What is biodynamics?

Biodynamics is a western approach to wellness. Osteopath William Sutherland (1873-1954) began exploring the dynamics of the skull and its membranes and fluids, establishing the field of cranial osteopathy, from which craniosacral therapy and biodynamics evolved.

After years of sitting quietly with patients, listening to their body-mind systems, Sutherland and other cranial osteopaths became aware that something other than tissue manipulation was helping their patients heal from all kinds of conditions. They learned over time that the more they just listened and the less they tried to do, the more their patients’ inherent healing processes took over, returning their systems to healthier functioning. Over time they learned how to support and augment the healing process with their presence, attention, discernment, and intent.

This way of healing came to be called craniosacral biodynamics, biodynamic craniosacral therapy, or just biodynamics. As a separate modality from cranial osteopathy, it’s been in existence for nearly 40 years. Although biodynamics shares some elements with biomechanical craniosacral therapy, it focuses more on perceptual awareness of the fields in and around us.

Biodynamics resonates with Buddhist and Taoist beliefs about emptiness, form, transformation, compassion, and oneness.

The 4 Noble Truths, simplified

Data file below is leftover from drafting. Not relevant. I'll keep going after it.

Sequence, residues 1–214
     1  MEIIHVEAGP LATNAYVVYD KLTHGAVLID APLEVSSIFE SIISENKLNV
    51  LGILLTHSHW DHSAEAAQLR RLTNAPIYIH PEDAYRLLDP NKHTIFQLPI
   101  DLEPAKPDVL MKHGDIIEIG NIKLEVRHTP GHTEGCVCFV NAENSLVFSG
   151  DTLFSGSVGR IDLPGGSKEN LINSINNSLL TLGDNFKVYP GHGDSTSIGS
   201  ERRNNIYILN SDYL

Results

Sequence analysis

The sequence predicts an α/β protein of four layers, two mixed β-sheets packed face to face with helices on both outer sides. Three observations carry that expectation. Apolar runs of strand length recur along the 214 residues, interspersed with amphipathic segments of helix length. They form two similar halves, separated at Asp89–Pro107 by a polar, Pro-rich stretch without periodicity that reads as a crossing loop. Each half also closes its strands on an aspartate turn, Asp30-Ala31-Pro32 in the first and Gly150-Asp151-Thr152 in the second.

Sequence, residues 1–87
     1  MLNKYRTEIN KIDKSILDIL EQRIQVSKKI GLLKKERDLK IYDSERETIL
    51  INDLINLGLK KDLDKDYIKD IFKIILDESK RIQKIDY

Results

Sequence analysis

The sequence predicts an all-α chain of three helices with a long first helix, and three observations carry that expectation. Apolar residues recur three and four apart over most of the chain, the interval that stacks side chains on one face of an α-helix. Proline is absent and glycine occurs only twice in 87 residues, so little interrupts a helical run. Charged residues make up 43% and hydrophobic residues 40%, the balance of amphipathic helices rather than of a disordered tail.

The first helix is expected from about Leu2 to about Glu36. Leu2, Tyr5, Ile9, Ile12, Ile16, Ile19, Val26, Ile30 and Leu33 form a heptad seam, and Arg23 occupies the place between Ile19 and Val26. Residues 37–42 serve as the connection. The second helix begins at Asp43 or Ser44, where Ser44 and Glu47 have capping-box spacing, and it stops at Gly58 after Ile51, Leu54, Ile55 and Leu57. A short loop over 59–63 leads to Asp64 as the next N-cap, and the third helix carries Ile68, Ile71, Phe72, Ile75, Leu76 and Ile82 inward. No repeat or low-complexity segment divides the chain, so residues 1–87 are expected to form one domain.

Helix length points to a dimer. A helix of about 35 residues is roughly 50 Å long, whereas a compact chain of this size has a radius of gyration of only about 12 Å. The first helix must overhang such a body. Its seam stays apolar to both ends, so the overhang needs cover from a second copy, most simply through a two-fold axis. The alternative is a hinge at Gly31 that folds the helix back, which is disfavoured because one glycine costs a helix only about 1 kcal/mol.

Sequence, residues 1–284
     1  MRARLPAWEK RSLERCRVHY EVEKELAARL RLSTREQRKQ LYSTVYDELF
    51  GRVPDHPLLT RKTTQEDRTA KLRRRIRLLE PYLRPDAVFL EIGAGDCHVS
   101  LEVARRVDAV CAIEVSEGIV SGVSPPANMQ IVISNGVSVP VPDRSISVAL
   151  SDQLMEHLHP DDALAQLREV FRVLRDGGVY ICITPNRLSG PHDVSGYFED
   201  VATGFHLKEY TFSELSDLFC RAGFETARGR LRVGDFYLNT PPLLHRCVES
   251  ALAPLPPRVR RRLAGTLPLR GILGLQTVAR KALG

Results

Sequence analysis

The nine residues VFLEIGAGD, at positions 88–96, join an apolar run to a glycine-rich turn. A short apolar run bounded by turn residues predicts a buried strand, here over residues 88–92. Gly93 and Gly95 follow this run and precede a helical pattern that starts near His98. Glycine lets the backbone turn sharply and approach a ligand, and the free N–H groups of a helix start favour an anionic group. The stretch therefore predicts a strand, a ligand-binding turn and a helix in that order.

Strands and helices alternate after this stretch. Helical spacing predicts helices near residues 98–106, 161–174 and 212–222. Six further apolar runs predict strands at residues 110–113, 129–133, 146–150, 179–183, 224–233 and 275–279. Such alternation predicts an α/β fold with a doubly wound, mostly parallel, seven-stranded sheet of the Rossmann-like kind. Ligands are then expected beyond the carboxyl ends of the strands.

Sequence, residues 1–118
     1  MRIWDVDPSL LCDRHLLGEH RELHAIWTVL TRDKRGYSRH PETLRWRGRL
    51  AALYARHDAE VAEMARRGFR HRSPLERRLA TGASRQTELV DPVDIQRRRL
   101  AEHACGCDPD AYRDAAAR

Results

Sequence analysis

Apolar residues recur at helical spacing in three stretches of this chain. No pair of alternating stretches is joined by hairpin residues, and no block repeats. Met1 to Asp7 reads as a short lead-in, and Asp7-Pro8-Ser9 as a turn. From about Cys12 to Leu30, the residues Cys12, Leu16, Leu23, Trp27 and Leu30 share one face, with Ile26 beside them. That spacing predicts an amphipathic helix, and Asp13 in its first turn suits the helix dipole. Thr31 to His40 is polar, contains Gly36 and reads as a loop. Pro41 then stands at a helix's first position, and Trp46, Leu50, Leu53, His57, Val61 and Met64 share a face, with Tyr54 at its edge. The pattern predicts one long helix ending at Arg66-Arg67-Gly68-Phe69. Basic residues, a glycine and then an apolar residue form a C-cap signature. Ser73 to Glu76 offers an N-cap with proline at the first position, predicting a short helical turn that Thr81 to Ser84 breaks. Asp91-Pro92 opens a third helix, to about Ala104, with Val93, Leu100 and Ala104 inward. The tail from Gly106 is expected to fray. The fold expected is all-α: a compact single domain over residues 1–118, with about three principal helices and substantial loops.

I’ve forgotten where I first encountered this, but here it is, an update on the four noble truths of Buddhism. It may seem humorous, but it also seems apt:

(1) Life sucks.

(2) Get over it.

(3) That means, get over yourself.

(4) Now, move on.

A quote that ties NLP and Buddhism together: loving negativity to death

Remember ‘Divide and Conquer’ — if you can divide a negative reaction into its parts (mental image, mental talk, and emotional body sensation), you can conquer the sense of being overwhelmed. In other words, eliminate the negative parts by loving them to death. ~ Shinzen Young, “The Power of Gone”

There you go. Reactions have visual, auditory, and kinesthetic components that you can investigate.

From Tricycle Daily Dharma. His article about his technique for increasing awareness, Just Note Gone, is well worth reading.

More on the Buddhist precepts

Here’s another jewel of a quote from Tricycle Daily Dharma. It’s been sitting in my inbox for a few days, and I have not been able to bring myself to delete it. Must mean I need to share it!

It’s a pretty good description of Buddhism’s precepts:

To be sure, as humans with a short life span, we cannot know the long-term results of our actions. But recognizing that what we say and do can have repercussions for months, years, or eons, and that we cannot know the “final” outcome of something we think, do or say, Buddhism, like all other major religions, has developed a set of precepts. The precepts have been compared to dikes in a rice field. They hold back and channel the rushing water of our passions so that our life is not flooded, so that smaller and more helpless creatures are not harmed and the harvest of our life’s efforts is not ruined. These precepts prohibit those actions that have a bad outcome and cause harm to ourselves or others almost all of the time.

– Jan Chozen Bays, “What the Buddha Said About Sexual Harassment”

I started taking a class on the precepts at Appamada Zen Center last year and was unable to complete the training due to family needs, but the precepts have stayed with me.

You can read what the late Robert Aitken Roshi said about them here.